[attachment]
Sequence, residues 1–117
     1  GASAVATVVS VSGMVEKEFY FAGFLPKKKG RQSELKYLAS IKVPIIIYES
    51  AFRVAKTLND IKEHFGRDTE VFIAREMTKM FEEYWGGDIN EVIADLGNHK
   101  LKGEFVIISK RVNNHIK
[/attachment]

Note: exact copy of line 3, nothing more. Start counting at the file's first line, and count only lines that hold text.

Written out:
    51  AFRVAKTLND IKEHFGRDTE VFIAREMTKM FEEYWGGDIN EVIADLGNHK